The Washington Nationals have probably known since a five-game losing streak earlier this month that playoff baseball wasn't in their immediate future. Now that it's a certainty, they'll get on with the rest of the season with eyes on 2016.
The first of eight consolation games comes Sunday at Nationals Park in the conclusion of a three-game series with the Philadelphia Phillies, though Bryce Harper still has some individual business to attend to.
Washington (79-75) ended a four-game losing streak with Saturday's 2-1 win over the Phillies (58-97) in 12 innings, but the New York Mets won earlier to clinch the NL East.
"I'm more surprised than anything else, I think," Jayson Werth said. "I never thought we'd end up here. Obviously, we've underachieved."
The 22-year-old Harper has not. Possibly headed for his first MVP award, he was 3 for 5 with a walk-off double, boosted his MLB-best average to .339 and got within four RBIs of 100 for the first time. However, there might be more notoriety in failing to get there.
If he doesn't reach 100, he'll join Barry Bonds (2003), Ken Griffey Jr. (1994), Hank Aaron ('69) and Mickey Mantle ('58) as the only players to hit at least .300 with 40 or more home runs and fewer than 100 RBIs. Seattle's Nelson Cruz could also join them.
Of that group, only Bonds went on to win the MVP, but he hit .341 - the only average higher than Harper's - and no one on that list won a batting title.
Philadelphia (57-96) has lost nine of 11 and fallen within a game of going 40 under .500 for the first time since 1997. The Phillies have matched their losses from 2000 and 1972 - their most since dropping 99 in 1969 - but still see some value in the season.
"Some of us haven't even played this long," rookie Aaron Nola said. "It's a good experience for us."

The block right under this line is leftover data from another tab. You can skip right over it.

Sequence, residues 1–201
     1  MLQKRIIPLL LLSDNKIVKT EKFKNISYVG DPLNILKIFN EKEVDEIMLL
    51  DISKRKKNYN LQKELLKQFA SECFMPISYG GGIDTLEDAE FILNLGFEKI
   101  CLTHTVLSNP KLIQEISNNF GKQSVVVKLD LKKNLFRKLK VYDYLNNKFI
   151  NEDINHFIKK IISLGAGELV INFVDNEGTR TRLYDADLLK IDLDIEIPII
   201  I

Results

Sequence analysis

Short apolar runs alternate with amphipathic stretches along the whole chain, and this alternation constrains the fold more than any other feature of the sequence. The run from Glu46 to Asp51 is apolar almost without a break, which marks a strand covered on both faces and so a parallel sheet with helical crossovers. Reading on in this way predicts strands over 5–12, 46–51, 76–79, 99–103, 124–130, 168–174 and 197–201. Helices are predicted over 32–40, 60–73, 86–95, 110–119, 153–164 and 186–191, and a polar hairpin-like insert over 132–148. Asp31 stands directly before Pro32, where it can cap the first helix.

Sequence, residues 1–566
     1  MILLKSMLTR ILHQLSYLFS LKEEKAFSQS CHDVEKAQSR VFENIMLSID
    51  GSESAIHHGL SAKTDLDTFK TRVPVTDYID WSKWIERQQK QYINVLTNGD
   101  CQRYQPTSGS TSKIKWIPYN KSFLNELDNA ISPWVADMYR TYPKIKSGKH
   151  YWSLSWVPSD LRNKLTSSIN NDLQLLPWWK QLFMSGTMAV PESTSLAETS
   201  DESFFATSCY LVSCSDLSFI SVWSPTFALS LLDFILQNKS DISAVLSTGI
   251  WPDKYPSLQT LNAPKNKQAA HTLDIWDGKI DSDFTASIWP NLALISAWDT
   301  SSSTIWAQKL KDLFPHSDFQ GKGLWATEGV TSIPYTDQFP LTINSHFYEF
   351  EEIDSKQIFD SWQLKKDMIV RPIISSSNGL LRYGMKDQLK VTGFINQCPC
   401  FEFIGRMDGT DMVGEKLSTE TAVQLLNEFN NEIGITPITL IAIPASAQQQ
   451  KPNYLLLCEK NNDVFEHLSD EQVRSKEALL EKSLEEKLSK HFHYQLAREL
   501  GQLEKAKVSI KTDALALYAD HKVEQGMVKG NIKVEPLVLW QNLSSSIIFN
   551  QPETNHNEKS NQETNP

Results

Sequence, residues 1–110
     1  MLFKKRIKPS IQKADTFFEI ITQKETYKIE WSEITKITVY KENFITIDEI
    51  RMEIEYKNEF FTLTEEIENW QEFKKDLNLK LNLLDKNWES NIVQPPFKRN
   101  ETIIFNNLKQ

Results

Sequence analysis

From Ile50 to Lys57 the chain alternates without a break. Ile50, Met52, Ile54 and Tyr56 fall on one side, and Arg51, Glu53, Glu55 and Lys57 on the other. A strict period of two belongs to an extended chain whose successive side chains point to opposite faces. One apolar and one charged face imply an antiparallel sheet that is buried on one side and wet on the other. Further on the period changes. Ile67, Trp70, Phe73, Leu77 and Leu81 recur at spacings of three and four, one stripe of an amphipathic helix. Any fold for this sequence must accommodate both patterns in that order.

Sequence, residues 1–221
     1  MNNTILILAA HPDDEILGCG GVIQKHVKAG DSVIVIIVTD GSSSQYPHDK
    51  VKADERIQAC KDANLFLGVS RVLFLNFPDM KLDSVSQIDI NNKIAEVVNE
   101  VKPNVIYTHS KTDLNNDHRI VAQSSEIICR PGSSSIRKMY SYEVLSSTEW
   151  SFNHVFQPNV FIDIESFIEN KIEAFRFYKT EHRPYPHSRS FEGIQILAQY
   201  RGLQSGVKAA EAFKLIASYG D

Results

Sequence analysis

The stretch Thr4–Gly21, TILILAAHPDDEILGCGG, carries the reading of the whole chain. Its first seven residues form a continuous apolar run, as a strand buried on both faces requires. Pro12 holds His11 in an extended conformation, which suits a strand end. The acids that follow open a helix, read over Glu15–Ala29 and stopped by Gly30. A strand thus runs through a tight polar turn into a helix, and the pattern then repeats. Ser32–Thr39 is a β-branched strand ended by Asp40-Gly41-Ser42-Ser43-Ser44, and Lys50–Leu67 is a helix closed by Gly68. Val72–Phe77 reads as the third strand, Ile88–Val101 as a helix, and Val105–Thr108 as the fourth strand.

They'll face Gio Gonzalez (11-8, 3.94 ERA), who began September impressively but regressed into his preceding struggles in Tuesday's 4-1 home loss to Baltimore. The left-hander gave up four runs and six hits in 4 2-3 innings after going 2-0 with a 1.47 ERA in his previous three starts.
Gonzalez is 2-4 with a 5.23 ERA in his last eight starts while giving up four earned runs or more in half of them. He figures to end the year with his highest ERA since posting a 5.75 mark with Oakland in 2009.
In the latest outing, the 30-year-old blamed himself for straying from catcher Jose Lobaton's plan.
"Lobby had a great plan. I tried to reinvent the wheel. I tried to change it up on these guys," Gonzalez told MLB's official website. "... My mistake making bad choices of pitches."
Gonzalez is 3-1 with a 2.45 ERA in his last four starts against the Phillies, though Darin Ruf is 8 for 21 with three home runs, two doubles and seven walks against him.
Aaron Harang is headed for free agency, so the right-hander would like his final two starts to be as impressive as possible. Harang (6-15, 4.93) pitched seven innings in Tuesday's 6-2 win in Miami, surrendering two runs and seven hits to earn his second win in 19 starts since May 14. In that time, he's 2-12 with a 6.37 ERA.
The 37-year-old has been better against Washington in his two full seasons in the NL East, going 3-3 with a 2.60 ERA in seven starts. Werth has gone just 3 for 26 against him with 11 strikeouts, but Harper is 10 for 22 with a home run, triple and double.